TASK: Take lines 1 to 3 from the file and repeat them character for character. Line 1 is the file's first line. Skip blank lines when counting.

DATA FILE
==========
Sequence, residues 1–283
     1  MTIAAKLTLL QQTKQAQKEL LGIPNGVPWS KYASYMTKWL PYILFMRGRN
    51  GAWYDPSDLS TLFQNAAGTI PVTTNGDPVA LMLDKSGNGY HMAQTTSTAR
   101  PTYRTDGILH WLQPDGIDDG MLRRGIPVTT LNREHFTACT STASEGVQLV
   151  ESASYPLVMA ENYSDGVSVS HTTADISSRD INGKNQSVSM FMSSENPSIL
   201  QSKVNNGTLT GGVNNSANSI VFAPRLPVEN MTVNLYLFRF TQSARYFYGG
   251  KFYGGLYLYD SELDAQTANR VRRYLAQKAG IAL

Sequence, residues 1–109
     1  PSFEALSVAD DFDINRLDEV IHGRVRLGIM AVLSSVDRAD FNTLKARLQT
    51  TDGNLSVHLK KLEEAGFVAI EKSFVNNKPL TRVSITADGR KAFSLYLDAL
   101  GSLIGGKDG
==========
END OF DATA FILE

Sequence, residues 1–283
     1  MTIAAKLTLL QQTKQAQKEL LGIPNGVPWS KYASYMTKWL PYILFMRGRN
    51  GAWYDPSDLS TLFQNAAGTI PVTTNGDPVA LMLDKSGNGY HMAQTTSTAR